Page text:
On Friday the FIA revealed the confirmed calendar for the 2014 F1 season, 22 races including four new venues and a lot of headaches for F1 teams and other parties, this is why next year’s schedule won’t work.

First is the number, 22 Grand Prix races is easily a new record for the highest number in a season, three of the races on the calendar are still subject to approval so the expectation is that number could drop down to 21 or even 20, but F1 teams claim they want a limit of 20 races for a number of reasons.

Next year will see the arrival of new engine regulations with a limit of five engines per season, that means in a 20-race season each engine has to complete four races as oppose to the current two or three. F1 bosses have suggested an additional sixth engine could be made available if F1 goes over the 20 races though this would add to the already inflated costs the new V6 turbos have created.

Logistically some of the dates are also going to add to the costs with five back-to-back races planned and even a triple-header with Monaco, Montreal and the new New Jersey race in consecutive weeks. Some of the smaller teams have already suggested some of the long distances between some of the races could not only be a problem logistically but also financially.

Then there’s the team personnel who spend days even weeks away from their families traveling with the F1 circus. With the calendar now spanning nine of the 12 months, and a return of in-season testing, the stress and strain put on the mechanics and other employees is much increased.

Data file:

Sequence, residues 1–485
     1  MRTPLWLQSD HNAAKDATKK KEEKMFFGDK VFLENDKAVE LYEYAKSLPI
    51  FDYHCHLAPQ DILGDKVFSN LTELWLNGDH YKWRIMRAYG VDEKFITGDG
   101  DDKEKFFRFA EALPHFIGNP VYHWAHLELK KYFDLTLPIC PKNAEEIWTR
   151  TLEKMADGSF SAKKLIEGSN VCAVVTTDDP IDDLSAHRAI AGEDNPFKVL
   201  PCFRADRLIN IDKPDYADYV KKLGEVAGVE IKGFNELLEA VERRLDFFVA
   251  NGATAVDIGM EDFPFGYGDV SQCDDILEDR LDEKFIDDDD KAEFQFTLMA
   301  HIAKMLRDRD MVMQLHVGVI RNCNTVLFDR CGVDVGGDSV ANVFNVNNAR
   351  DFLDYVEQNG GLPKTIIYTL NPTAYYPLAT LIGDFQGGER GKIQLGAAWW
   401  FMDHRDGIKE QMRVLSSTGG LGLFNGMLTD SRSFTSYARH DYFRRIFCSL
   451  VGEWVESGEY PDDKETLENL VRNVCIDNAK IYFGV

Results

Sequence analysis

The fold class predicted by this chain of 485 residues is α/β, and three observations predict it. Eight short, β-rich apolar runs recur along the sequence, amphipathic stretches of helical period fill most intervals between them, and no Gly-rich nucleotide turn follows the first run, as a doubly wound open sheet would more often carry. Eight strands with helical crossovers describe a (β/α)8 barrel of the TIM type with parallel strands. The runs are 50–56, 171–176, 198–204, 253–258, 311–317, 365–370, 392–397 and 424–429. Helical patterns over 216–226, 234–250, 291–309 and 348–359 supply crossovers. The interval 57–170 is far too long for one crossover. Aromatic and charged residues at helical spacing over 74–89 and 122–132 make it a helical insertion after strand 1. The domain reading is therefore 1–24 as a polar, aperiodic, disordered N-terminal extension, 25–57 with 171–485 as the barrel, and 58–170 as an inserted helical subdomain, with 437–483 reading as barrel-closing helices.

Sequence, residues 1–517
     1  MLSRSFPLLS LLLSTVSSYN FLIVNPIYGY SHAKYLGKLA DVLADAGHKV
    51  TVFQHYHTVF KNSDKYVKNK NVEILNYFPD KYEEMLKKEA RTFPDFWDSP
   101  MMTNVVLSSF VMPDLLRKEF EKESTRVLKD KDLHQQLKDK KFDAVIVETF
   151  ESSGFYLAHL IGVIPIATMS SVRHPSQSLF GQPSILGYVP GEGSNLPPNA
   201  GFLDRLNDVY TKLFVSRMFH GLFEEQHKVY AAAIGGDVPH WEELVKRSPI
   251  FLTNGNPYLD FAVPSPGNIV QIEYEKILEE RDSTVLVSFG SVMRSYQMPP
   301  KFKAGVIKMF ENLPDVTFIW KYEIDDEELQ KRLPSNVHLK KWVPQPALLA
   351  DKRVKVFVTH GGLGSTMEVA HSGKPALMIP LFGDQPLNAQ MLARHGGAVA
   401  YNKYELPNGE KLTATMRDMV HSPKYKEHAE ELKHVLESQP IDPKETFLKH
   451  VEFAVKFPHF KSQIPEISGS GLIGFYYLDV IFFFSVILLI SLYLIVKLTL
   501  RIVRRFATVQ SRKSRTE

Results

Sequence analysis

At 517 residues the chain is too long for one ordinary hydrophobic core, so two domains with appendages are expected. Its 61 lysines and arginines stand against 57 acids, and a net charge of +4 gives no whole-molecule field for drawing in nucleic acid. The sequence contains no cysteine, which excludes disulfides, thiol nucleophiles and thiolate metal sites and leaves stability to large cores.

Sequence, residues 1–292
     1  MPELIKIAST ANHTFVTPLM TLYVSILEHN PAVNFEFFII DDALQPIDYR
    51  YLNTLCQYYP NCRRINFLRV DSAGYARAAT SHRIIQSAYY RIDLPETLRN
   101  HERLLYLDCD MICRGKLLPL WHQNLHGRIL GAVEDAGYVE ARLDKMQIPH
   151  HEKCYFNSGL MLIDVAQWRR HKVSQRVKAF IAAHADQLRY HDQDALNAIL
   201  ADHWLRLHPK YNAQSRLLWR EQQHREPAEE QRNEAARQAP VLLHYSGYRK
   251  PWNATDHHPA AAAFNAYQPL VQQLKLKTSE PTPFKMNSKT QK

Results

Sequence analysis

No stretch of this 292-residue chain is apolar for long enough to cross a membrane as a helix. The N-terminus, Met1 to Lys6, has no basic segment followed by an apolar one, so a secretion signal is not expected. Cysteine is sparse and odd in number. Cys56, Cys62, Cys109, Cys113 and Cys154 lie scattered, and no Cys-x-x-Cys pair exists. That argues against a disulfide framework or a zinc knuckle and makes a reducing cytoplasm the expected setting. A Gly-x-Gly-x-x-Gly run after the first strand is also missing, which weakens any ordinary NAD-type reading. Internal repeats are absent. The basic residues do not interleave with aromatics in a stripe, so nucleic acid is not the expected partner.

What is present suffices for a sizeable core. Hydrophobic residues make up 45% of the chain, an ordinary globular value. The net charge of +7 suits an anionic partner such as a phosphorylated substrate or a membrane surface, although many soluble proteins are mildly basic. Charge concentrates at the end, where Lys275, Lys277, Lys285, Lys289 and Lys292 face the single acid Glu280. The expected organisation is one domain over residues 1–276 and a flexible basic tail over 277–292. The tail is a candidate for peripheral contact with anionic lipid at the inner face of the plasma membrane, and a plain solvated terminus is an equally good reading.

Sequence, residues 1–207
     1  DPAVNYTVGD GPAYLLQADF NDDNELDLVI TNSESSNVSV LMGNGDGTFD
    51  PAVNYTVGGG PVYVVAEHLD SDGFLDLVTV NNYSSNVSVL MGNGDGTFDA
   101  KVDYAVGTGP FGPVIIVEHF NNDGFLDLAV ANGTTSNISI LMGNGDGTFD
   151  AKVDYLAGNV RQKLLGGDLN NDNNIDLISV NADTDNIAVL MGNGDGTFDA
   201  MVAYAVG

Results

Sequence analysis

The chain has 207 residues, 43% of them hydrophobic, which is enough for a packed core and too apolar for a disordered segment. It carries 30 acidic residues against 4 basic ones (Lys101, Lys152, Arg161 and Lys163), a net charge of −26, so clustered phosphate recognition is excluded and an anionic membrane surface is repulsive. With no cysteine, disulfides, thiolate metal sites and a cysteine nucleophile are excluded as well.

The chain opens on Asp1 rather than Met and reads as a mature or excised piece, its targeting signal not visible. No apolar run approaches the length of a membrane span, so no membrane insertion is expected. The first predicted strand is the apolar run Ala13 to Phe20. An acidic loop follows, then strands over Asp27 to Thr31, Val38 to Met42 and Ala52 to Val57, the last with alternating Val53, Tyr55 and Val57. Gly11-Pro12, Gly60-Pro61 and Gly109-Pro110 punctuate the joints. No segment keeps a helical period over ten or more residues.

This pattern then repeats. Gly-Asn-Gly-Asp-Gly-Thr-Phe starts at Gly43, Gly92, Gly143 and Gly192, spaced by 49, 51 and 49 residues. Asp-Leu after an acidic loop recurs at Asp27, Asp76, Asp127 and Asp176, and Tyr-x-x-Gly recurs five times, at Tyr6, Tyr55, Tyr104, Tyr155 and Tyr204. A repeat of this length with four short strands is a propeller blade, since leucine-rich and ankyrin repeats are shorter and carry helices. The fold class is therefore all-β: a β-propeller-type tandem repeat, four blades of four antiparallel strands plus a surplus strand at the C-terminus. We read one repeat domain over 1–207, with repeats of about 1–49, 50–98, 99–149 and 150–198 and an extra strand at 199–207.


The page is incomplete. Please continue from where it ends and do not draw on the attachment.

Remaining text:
It is not just the teams who will struggle with the extra work load, the world’s media will also face the additional costs of extra travel and time away as well as likely increased fees from Bernie Ecclestone due to the extra races.

For all my doubts however fans are excited at the prospect of four new races and a longer schedule and should better planning be put in place the extended schedule can work.

Of course planning such a schedule is not as easy as it sounds, with the travel back and fourth to Europe during the fly-away races you can’t just simply put all the Asian races in order of distance between the venues but better groupings of races such as the three races in the Americas to finish the season as well as other new pairings can keep the effects of an extended calendar on teams and other F1 stakeholders to a minimum.

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